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I have the following statements :

    List<List<String>> myList  = new ArrayList<ArrayList<String>>();

    List<ArrayList<String>> myList  = new ArrayList<ArrayList<String>>();

The first one gives compile error. Shouldn't we code to interface? Here I am forced to code by class not the interface. Is this a generics failure, or I am understanding it wrong?

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It's meant to be like that; java generics are invariant. Instead of writing new ArrayList<ArrayList<String>>(), you should have written new ArrayList<List<String>>() – Anonymous Mar 13 '11 at 13:08
up vote 2 down vote accepted

This is a known problem. It would have other problems if you do this.

Consider this code:

List<List<String>> myList  = new ArrayList<ArrayList<String>>();
myList.push( new LinkedList<String>() );   // impossible to catch, because java don't have generic in runtime

ArrayList<ArrayList<String>> list2 = (ArrayList<ArrayList<String>>) myList; // ok

ArrayList<String> something = list2.get(0);  // doh! impossible to assign LinkedList to ArrayList
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It should be:

List<List<String>> myList = new ArrayList<List<String>>();

You need to pass in the type, which can be an interface into the ArrayList constructor. In other words you want an ArrayList which contains objects of type List<String>. Then when you are actually putting things into the list:

mList.add(new ArrayList<String>());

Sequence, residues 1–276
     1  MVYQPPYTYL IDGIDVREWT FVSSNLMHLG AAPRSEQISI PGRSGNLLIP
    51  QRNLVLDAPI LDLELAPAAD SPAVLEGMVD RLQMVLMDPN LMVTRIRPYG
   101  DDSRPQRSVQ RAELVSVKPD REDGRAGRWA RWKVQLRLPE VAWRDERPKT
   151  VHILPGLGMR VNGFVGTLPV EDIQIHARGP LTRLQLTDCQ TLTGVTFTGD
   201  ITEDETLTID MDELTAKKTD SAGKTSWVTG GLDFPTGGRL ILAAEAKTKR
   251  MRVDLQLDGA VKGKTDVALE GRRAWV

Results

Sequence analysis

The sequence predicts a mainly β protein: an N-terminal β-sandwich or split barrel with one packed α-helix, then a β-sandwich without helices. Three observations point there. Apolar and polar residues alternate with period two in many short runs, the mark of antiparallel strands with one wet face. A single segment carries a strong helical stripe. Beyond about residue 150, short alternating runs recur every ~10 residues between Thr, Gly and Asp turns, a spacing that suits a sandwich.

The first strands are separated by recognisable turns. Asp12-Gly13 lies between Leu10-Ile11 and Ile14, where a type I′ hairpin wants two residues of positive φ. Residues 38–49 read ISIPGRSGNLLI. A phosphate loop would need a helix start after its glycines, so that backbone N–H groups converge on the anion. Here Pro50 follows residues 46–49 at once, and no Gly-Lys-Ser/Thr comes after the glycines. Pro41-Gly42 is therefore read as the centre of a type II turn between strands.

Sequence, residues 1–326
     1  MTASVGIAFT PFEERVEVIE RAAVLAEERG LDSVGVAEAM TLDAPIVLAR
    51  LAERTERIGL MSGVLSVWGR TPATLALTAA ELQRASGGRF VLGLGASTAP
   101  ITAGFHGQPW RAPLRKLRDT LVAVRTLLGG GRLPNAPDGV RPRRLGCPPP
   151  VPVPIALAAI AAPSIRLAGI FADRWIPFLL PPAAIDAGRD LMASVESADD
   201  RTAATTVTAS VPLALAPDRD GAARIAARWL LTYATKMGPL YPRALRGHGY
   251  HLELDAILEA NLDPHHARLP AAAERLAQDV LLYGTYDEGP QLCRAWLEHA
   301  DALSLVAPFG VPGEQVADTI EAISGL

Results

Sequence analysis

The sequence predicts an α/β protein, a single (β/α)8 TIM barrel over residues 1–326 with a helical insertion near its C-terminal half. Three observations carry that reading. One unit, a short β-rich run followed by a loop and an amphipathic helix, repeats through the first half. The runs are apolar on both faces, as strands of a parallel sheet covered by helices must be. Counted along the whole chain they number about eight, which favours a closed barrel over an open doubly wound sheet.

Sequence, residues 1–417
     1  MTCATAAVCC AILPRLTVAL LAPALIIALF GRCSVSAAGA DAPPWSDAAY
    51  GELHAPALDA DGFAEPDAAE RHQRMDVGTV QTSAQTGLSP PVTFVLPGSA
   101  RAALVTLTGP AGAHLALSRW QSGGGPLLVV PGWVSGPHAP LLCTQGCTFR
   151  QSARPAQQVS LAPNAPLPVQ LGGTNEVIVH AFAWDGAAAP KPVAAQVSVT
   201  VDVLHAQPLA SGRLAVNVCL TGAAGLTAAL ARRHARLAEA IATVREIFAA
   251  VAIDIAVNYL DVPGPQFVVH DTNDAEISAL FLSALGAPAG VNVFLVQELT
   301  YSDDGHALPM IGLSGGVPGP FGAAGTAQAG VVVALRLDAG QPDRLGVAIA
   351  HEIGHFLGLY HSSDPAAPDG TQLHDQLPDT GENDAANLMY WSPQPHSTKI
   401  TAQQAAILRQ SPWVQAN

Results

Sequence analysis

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The first one should be:

List<List<String>> myList  = new ArrayList<List<String>>();

The semantics are the following: the type myList is a List containg objects of type List<String>. The implementation class is an ArrayList capable of containing objects of type List<String>.

Once you want to add an object to myList you can to it like this:

myList.add(new ArrayList<String>());
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The issue here is a little subtle. To make it correct, you'd want:

List<List<String>> myList = new ArrayList<List<String>>();

The definition of myList is asking for a List of Lists of Strings, but you are implementing it as an ArrayList of ArrayLists of Strings, and these don't match. This would becoming an issue if later on you tried something like:

myList.add(new LinkedList<String>());

This is ok by the definition of List of Lists of Strings, but violates the definition of the implementation. LinkedList is a List, but is not an ArrayList.

If you want to enforce that it is an ArrayList of ArrayLists of Strings, then you can use the ArrayList<ArrayList<String>> myList definition, but it's generally better to keep to interfaces.

With my revised code, you can still make it in the implementation an ArrayList of ArrayLists of Strings.

List<List<String>> myList = new ArrayList<List<String>>();
for (int i = 0; i < rowSize; i++)
{
 myList.add(new ArrayList<String>());
}

It agrees with the definition of myList as an List of Lists of Strings, but you still reap the benefits of using an ArrayList behind the scenes.

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Generics are for specifics.Tomorrow when u pass this list out of your domain, you can get arrayList, LinkedList . code to specifics in generics. – Dead Programmer Jan 18 '11 at 5:29
    
I don't know if I completely understand. Could you please elaborate :-). – Zach L Jan 18 '11 at 5:40

You can do this: List<? extends List<String>> myList = new ArrayList<ArrayList<String>>();

The reason that your first line does not work is that you cannot do List<A> = List<B>, even if B is a subtype of A (as it is here, ArrayList is a subtype of List). Otherwise it would violate type safety. This is a basic Generics feature that many beginners have trouble with. However, you can do List<? extends A> = List<B>; in this case, the ? extends A is a wildcard that could include B. In exchange, you lose the ability to add things to a List<? extends A> (Rule: extends producer, super consumer), and this eliminates the safety problem.

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